Challenges for Explainable AI

Robert Hoffman, Institute for Human and Machine Cognition


This presentation will discuss the state-of-the-art with regard to explainable AI, focusing on the conceptual and representational "traps" that seem to characterize work in the area. One trap has to do with terminology that is used to discuss explanation, and the concepts behind the terminology. Another trap has to do with the received model of the explanation process. A third has to do with history: The failure to recognize the historical precedents of ideas and past accomplishments. A fourth trap has to do with mentalistic terminology that is misleading to those outside of computer science. The presentation will then put forward some ideas about how the science might be improved: by recognizing and leveraging the process of "self-explanation," and by using analogies to create global explanations. Finally the presentation will concentrate on proposals for how to improve the research, especially the need for a collaboration of computer scientists and experimental psychologists.


Hoffman is a recognized world leader in cognitive systems engineering and Human-Centered Computing. He is a Senior Member of the Association for the Advancement of Artificial Intelligence, Senior Member of the Institute of Electrical and Electronics and Engineers, Fellow of the Association for Psychological Science, Fellow of the Human Factors and Ergonomics Society, and a Fulbright Scholar. His Ph.D. is in experimental psychology from the University of Cincinnati. His Postdoctoral Associateship was at the Center for Research on Human Learning at the University of Minnesota. He served on the faculty of the Institute for Advanced Psychological Studies at Adelphi University. He has been Principal Investigator, Co-Principal Investigator, Principal Scientist, Senior Research Scientist, or Principal Author on over 60 grants and contracts including alliances of university and private sector partners. He has been a consultant to numerous government organizations. He has been recognized internationally in the fields of psychology, remote sensing, human factors engineering, intelligence analysis, weather forecasting, and artificial intelligence, for his research on the psychology of expertise, the methodology of cognitive task analysis, human-centering issues for intelligent systems technology, and he study of cognitive work in cyber defense. His current research focuses on experimental design for Explainable AI, and the development of a unified theory of macrocognitive work systems.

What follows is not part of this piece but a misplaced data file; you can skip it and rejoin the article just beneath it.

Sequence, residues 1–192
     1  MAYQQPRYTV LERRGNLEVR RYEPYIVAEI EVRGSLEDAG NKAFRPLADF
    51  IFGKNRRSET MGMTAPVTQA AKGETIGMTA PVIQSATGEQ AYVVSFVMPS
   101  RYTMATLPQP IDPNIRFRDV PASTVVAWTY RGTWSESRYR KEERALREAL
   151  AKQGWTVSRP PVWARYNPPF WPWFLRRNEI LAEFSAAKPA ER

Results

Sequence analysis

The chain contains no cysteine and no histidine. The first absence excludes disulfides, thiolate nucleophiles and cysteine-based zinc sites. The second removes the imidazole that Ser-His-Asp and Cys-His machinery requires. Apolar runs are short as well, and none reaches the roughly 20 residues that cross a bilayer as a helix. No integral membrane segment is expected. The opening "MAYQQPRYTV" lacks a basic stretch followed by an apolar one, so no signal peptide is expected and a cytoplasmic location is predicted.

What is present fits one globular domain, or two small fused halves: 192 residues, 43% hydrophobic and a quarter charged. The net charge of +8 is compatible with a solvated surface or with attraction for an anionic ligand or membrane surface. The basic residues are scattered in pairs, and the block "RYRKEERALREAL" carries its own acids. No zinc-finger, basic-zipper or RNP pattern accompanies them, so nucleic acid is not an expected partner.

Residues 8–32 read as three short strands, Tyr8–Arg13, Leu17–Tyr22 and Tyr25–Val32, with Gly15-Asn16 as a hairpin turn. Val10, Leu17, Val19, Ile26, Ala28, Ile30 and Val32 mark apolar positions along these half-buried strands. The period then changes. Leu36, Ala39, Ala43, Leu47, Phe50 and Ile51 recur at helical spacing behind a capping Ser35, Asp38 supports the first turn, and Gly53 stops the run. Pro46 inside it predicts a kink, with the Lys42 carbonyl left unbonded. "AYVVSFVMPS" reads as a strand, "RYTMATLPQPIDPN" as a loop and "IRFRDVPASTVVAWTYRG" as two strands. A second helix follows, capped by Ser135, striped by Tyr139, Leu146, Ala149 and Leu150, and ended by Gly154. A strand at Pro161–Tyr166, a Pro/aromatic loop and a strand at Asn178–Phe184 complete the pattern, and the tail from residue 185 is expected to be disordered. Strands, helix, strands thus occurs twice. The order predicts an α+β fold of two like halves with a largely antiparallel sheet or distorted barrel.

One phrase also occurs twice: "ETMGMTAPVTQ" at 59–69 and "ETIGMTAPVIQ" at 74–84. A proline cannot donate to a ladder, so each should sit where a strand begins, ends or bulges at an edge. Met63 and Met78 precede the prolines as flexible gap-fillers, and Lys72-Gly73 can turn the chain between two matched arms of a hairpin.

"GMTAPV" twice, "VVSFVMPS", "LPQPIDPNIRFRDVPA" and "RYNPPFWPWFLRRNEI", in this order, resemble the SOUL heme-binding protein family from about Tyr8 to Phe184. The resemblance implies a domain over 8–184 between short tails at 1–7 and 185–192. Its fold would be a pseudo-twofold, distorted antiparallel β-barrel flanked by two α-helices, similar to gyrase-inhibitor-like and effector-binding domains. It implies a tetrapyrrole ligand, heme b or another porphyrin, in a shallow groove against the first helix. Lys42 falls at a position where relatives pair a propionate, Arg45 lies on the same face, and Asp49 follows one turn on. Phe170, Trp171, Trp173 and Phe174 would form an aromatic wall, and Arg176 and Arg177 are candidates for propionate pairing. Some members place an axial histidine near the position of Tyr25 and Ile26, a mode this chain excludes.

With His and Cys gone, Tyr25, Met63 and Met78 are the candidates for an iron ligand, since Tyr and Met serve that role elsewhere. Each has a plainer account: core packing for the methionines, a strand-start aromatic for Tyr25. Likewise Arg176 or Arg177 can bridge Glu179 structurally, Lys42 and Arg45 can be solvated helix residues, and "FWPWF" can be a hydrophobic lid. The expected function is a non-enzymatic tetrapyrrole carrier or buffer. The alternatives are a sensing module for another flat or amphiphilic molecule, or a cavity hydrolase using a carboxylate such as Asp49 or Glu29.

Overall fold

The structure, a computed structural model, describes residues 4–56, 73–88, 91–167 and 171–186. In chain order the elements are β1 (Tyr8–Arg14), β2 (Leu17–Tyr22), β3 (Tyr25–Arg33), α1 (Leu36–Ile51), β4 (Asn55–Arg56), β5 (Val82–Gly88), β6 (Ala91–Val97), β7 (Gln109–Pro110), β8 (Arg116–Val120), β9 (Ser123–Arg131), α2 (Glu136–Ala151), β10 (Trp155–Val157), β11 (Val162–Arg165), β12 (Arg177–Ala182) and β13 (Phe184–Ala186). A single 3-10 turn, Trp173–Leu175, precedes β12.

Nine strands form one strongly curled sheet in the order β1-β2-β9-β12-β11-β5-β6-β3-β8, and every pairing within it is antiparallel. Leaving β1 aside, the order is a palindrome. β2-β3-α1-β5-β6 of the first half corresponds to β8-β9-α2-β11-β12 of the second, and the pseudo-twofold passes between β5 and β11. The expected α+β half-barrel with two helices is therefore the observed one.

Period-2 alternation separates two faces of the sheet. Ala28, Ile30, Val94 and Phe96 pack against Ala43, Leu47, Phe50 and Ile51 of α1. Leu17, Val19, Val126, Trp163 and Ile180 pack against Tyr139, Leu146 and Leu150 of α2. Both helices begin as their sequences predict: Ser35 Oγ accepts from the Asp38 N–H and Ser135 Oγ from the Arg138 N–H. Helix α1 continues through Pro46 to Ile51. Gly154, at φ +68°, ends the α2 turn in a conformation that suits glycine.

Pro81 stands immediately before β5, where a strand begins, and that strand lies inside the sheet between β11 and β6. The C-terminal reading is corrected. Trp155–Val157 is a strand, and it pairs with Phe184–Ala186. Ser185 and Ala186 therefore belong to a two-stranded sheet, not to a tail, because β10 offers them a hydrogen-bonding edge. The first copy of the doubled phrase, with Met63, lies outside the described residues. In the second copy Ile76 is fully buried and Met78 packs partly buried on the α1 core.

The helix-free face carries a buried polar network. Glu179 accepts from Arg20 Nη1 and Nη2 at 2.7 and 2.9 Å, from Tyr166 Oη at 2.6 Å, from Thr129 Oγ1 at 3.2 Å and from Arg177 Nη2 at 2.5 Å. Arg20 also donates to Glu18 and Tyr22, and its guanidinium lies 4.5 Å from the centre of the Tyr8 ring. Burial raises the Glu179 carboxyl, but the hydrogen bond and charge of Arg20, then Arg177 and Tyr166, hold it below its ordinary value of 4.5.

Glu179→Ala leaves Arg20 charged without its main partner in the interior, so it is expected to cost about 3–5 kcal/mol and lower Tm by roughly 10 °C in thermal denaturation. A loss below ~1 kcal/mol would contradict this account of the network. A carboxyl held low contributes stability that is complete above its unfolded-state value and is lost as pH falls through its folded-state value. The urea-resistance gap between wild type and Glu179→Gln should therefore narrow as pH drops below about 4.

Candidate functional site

Selected Books
  1. Hoffman, R.R., LaDue, D., and Mogil, H.M., Roebber, P., and Trafton, J.G. (2017). Minding the Weather: How Expert Forecasters Think. Cambridge, MA: MIT Press.
  2. Hoffman, R.R., Ward, P., DiBello, L., Feltovich, P.J., Fiore, S.M., and Andrews, D. (2014). Accelerated Expertise: Training for High Proficiency in a Complex World. Boca Raton, FL: Taylor and Francis/CRC Press.
  3. Hoffman, R.R. (Au., Ed.) (2012). Collected Essays on Human-Centered Computing, 2001-2011. New York: IEEE Computer Society Press.
  4. Crandall, B., Klein, G., and Hoffman R.R. (2006). Working Minds: A Practitioners Guide to Cognitive Task Analysis. Cambridge, MA: MIT Press.
  5. White, R.A., Coltekin, A., and Hoffman, R.R. (Eds.) (2018). Remote sensing and cognition: Human factors in image interpretation. Boca Raton, FL: CRC Press.
  6. Ericsson, K.A., Hoffman, R.R., Kozbelt, A., and Williams, M. (2018). Cambridge handbook of expertise and expert performance (2nd. ed.). Cambridge: Cambridge University Press.
Selected Recent Publications
  1. Hoffman, R.R., Mueller, T., Mueller, S.T., Klein, G., and Clancey, W.J. (2018, May/June). Explaining Explanation: A Deep Dive on Deep Nets. IEEE: Intelligent Systems, pp. 87-95.
  2. Klein, G., Shneiderman, B., Hoffman, R.R. and Ford, K.M. (2017, November/December). Why expertise matters: A response to the challenges. IEEE: Intelligent Systems, pp. 67-73.
  3. Hoffman, R.R., Mueller, S.T., and Klein, G. (2017, July/August). Explaining Explanation: Empirical Foundations. IEEE Intelligent Systems, pp. 78-86.
  4. Hoffman, R.R. (2019, Spring). The concept of a "Campaign of Experimentation for cyber operations. Cyber Defense Review, 4 (1), 75-84.
  5. Moore, R.T., & Hoffman, R.R. (2019). Cognition and expert-level proficiency in intelligence analysis. In Ward, P., Schraagen, J.M., Ormerod, T.C. & Roth, E. (Eds), The Oxford Handbook of Expertise. Oxford: Oxford University Press.
  6. Hoffman, R.R., Cullen, T. M., and Hawley, J.K. (2016). Getting a grip on the myths and costs of automation. Bulletin of the Atomic Scientists. [DOI: 10.1080/00963402.2016.1194619]